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Bill calls for safety ratings, not CSA, to be used in carrier hiring

March 2, 2015
Legislation would remove 'confusing and conflicting vagaries,' broker group says

Rep. John Duncan (R-TN) has reintroduced a bill to protect shippers and brokers from liability claims related to motor carrier selection, and at least one industry group has already announced its support.

The legislation, HR 1120, provides such a waiver from liability if the carrier is registered with and authorized to operate by the Federal Motor Carrier Safety Administration (FMCSA), has the minimum insurance coverage required by federal regulation, and does not have an unsatisfactory safety rating from FMCSA in force at the time of verification.

That eligibility is to be confirmed by the shipper or broker not more than 35 days before the shipment is picked up, ensuring that the latest available carrier records are used.

Rep. John Duncan

The legislation was introduced in the previous Congress, but languished in committee. Co-sponsors for the current bill are Reps. Rep. Rodney Davis, Richard Hanna, Mark Meadows, and Erik Paulsen—all Republicans.

The Transportation Intermediaries Assn. (TIA), which also backed the earlier bill, explains that the legislation would clarify and standardize industry best practices for hiring safe motor carriers. Currently, industry stakeholders “are often asked to second-guess” the FMCSA on determining which carriers are safe to operate and those that are not.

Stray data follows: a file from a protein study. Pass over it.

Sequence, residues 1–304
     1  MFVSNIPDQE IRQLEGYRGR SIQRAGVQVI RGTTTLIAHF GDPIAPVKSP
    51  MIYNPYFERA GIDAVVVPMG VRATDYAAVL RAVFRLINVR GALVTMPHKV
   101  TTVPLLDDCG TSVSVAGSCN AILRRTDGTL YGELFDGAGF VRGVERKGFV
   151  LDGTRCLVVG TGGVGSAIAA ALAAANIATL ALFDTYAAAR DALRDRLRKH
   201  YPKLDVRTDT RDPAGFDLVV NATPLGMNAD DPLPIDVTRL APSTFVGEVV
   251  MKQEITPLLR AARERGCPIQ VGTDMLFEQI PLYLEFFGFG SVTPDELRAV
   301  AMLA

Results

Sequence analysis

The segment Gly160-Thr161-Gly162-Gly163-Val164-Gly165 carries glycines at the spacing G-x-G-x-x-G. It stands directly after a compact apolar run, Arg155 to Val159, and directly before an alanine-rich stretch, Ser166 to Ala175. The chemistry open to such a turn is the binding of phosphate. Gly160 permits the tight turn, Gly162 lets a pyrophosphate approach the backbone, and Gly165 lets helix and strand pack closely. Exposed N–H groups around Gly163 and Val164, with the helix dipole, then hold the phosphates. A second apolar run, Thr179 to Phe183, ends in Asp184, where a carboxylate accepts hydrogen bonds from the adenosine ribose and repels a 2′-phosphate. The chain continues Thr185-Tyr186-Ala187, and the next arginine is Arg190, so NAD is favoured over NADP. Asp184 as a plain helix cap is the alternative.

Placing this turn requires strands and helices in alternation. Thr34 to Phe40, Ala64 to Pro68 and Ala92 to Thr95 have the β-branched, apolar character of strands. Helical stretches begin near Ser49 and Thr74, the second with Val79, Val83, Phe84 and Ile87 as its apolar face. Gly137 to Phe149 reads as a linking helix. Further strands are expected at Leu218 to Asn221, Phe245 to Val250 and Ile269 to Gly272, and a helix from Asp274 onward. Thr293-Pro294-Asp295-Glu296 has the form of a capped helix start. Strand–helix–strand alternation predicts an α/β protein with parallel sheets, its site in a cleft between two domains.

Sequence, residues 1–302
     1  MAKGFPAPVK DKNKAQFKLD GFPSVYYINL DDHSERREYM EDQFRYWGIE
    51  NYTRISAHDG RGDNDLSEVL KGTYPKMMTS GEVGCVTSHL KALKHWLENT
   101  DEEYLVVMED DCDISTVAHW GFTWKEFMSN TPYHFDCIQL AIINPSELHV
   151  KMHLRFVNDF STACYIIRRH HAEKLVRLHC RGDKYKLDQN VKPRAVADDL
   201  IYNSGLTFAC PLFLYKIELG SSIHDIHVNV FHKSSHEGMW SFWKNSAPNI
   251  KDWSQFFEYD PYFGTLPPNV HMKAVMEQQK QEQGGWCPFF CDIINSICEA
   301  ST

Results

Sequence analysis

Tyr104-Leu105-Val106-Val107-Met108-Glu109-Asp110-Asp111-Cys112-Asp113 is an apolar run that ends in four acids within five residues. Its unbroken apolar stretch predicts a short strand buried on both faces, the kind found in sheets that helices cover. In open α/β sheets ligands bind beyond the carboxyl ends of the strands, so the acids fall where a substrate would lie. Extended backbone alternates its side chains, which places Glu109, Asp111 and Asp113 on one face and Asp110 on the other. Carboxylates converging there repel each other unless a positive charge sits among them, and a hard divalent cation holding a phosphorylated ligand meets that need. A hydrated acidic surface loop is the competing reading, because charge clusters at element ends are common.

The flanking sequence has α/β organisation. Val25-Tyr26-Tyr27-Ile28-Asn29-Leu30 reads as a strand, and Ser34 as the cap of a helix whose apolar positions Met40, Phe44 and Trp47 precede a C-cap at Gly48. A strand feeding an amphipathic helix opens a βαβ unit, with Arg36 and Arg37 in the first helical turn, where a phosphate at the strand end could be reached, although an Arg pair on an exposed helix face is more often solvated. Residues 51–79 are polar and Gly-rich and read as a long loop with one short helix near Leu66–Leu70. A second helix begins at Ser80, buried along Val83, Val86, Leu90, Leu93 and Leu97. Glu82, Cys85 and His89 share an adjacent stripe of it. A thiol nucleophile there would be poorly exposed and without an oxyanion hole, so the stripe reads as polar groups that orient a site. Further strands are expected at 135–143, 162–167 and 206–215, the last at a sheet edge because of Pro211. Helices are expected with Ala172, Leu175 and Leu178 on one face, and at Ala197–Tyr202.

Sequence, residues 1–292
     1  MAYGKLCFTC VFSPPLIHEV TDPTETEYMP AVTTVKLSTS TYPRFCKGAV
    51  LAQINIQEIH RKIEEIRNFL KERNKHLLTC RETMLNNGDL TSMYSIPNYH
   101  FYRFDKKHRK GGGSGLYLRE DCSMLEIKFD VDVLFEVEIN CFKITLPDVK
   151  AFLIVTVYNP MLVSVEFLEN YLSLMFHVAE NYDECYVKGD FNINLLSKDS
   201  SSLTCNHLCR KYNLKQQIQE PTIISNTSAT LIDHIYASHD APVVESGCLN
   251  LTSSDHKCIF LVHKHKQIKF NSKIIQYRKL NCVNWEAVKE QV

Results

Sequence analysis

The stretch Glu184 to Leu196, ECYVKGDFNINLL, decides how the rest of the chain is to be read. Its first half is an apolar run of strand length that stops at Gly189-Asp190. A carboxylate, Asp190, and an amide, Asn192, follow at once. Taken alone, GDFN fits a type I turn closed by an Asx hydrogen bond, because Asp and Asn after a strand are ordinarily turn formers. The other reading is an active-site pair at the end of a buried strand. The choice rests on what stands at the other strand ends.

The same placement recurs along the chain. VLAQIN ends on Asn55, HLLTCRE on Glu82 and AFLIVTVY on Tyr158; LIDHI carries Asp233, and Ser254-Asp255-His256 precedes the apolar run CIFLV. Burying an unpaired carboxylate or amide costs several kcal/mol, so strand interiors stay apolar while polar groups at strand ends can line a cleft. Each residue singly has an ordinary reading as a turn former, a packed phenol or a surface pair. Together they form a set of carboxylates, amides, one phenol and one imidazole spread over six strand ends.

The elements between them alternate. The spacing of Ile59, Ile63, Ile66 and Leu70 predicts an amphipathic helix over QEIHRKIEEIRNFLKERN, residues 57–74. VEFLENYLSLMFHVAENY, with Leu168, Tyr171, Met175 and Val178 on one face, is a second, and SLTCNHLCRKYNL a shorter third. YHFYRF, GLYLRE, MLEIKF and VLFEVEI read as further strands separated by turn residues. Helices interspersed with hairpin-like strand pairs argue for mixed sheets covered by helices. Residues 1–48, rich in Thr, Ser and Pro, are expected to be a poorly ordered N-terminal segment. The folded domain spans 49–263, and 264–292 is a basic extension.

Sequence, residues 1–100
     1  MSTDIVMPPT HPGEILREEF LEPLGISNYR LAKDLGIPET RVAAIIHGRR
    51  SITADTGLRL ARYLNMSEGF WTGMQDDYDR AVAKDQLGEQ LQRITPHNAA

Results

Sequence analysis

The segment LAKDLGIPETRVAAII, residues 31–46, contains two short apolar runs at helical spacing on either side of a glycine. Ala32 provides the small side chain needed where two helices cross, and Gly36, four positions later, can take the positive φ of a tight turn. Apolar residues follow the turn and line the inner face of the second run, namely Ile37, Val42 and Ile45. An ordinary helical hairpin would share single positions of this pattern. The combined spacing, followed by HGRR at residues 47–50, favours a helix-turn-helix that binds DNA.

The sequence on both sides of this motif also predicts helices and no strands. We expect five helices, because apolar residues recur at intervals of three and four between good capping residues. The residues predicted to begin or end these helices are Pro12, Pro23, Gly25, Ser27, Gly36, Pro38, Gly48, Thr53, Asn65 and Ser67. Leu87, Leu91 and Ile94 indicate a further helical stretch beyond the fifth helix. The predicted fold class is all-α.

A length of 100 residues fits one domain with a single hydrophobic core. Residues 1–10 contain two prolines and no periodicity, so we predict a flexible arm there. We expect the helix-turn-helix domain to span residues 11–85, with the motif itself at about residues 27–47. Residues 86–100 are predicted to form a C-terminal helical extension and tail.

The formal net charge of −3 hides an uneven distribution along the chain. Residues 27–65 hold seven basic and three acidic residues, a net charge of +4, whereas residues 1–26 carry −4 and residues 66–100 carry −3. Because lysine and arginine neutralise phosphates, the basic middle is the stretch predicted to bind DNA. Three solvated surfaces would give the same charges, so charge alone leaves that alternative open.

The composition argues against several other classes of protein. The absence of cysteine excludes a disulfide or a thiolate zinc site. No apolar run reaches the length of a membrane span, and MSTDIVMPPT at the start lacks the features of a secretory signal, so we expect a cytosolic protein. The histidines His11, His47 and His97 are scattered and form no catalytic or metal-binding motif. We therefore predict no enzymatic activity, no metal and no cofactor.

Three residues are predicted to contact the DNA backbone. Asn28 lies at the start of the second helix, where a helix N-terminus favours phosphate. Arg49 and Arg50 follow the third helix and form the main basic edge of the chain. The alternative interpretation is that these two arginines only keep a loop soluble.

H.R. 1120 would remove “the confusing and conflicting vagaries” of the Compliance, Safety, Accountability (CSA) BASIC data as it relates to the negligent selection of a carrier, according to TIA. The group also says it will continue to advocate that the CSA initiative is “a valuable internal tool” for the Agency, but until the pending Safety Fitness Determination (SFD) rulemaking is complete, the BASIC data should not be used as a tool for carrier selection.

The FMCSA safety rating should be, and is, the ultimate determination, if a carrier is safe to operate or not, TIA contends.

“The current state of affairs of CSA and the ever-increasing threat of negligent selection lawsuits based on the BASIC data are hurting the transportation industry,” said TIA President and CEO Robert Voltmann. “In the marketplace today, every time a shipper, broker, forwarder, or receiver hires a carrier, they are essentially playing Russian roulette for their businesses’ livelihood. This national hiring standard reinforces the safety rating and licensing process already established by FMCSA, helps small business across America, and improves the overall safety of the transportation industry.” 

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